• Cost of loss financing = $0
        • Cost of internal risk reduction = $0
      • Total cost of risk = $_________
      • Firm value = $100,000 - $________ = $_________
  • 71. Cost of Risk Example
    • Option 3: Additional Loss control
      • Spend an additional $2,000 to reduce probability of loss to 1/40
      • Cost of risk:
        • Expected loss = $________
        • Cost of residual uncertainty = $2,700 (assumed)
        • Cost of loss control = $4,000
        • Cost of loss financing = $0
        • Cost of internal risk reduction = $0
      • Total cost of risk = $__________
      • Firm value = $100,000 - $_________= $___________
  • 72. Cost of Risk Example
      • Option 4: No loss control, but full insurance
      • Premium = $7,500
          • Loading = premium - expected loss = $7,500 - $6,000 = $1,500
      • Cost of risk:
        • Expected loss = $6,000
        • Cost of residual uncertainty = $0
        • Cost of loss control = $0
        • Cost of loss financing = $1,500
        • Cost of internal risk reduction = $0
      • Total cost of risk = $7,500
      • Firm value = $100,000 -$7,500 = $92,500
  • 73. Cost of Risk Example
      • Key points from example:
        • Do NOT minimize risk, Minimize cost of risk
        • There are cost tradeoffs:
          • Increase insurance coverage ==>
            • Increase loading paid
            • Decrease residual uncertainty
          • Additional loss control ==>
            • Decrease expected losses
            • Increase loss control costs
  • 74. Determinants of Value
    • Firm Value depends on
        • Magnitude of expected net cash flows
        • Timing of expected net cash flows
        • Risk of expected net cash flows
      • Net cash flows = cash inflows – cash outflows
  • 75. Maximizing Value by Minimizing Cost of Risk
    • Define:
      • Cost of risk = Value without risk – Value with risk
    • Rearrange:
      • Value with risk = Value without risk – Cost of risk
    • Implication:
      • Maximize Value  Minimize Cost of Risk
    Hypothetical construct
  • 76. Agency Costs
    • Owners have a clear incentive to maximize the value of their own businesses.
    • Managers may have a different set of motivations, including being excessively cautious.
    • As a result, managers may take actions which fail to maximize shareholder wealth.
    • For example, they may purchase unnecessary insurance.
    • The costs associated with these actions are called “Agency Costs”.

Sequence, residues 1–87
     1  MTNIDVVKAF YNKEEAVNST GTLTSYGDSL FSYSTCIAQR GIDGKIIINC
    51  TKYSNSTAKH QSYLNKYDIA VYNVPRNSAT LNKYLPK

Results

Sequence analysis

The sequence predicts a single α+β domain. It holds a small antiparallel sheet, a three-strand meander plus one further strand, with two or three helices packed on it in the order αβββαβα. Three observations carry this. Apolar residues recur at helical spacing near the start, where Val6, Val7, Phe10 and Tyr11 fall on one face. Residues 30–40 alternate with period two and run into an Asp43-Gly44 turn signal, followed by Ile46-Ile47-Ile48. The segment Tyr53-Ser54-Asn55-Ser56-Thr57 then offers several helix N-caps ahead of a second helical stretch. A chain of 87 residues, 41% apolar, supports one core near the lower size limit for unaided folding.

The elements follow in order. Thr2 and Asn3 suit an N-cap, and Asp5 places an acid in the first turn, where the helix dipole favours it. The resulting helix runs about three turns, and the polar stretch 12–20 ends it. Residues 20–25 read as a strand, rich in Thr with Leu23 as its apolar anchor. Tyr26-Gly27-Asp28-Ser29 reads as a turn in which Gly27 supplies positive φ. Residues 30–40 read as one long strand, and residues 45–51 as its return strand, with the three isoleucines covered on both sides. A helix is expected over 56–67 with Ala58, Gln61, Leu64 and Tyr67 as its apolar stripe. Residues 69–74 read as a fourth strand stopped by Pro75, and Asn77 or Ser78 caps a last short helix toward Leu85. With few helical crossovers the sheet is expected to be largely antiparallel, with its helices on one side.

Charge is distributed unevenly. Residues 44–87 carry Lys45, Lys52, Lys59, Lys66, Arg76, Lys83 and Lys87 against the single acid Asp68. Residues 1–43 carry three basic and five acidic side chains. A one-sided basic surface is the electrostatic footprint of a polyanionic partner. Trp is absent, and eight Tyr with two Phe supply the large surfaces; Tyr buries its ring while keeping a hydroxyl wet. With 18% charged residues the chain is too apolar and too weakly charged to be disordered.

• 77. Do Managers Maximize Shareholder Value?
      • In practice, there are several factors that motivate managers to maximize shareholder value
        • Management compensation contracts (e.g., bonuses)
        • Market for corporate control (e.g., hostile takeovers)
        • Product market competition
        • Monitoring by shareholders with large stakes
        • Legal duty of managers
  • 78. Individual RM and the Cost of Risk
      • Cost of risk concept applies to individual RM
      • An individual’s cost of residual uncertainty depends on the person’s degree of risk aversion
      • Risk aversion 
        • Pay extra to reduce risk (buy insurance even though premium exceeds expected claim costs)
        • Require higher expected returns to take on more risk (demand higher expected returns on riskier stocks)
  • 79. Risk Management & Societal Welfare
      • Minimizing the cost of risk is also an appropriate objective for society, because doing so generally results in an efficient level of risk for society
      • Efficiency ==> risky activities are pursued until the marginal costs exceed the marginal benefits
      • Implication: public policies should consider the cost tradeoffs
        • Example: greater safety regulation  lower expected losses, but higher loss control costs
  • 80. Conflict between Private & Societal Objectives
      • Issue:
        • Will individuals and businesses acting to minimize their own cost of risk result in the minimization of society’s cost of risk?
      • Observe:
        • For a business to maximize value (minimize its own cost of risk), the business must consider the effect of its decisions on other parties (even in the absence of regulation and legal liability)
        • Why – b/c decisions affect the terms at which other parties contract with the firm
        • Example: riskier workplace  higher wages
  • 81.
      • What if business cost of risk < societal cost of risk?
        • Example: workers are uninformed about injury risk
      • Then, a business might engage in excessively risky behavior (they may not consider the effects of risk on other claimants)
      • Thus, there is a potential role for regulation and legal liability.
      • Regulation and legal liability should induce managers to make decisions that minimize society’s cost of risk
    Conflict:Private & Societal Objectives
  • 82. Review of Economic Theory
    • Economists believe that most individuals are risk-averse.
      • A risk averse person would prefer to hold the asset with less variable returns.
    • Most individuals display risk-averse behavior when they purchase insurance.
    • They pay a premium to be compensated for possible events that would destroy their wealth.
      • Often the premium exceeds the expected value of the risk
  • 83. Law of Diminishing Marginal Utility
    • If I am poor, an addition of $1000 to my wealth will make a considerable impact on my level of welfare.
    • If I am rich, the extra $1000 will still increase my satisfaction, but only marginally.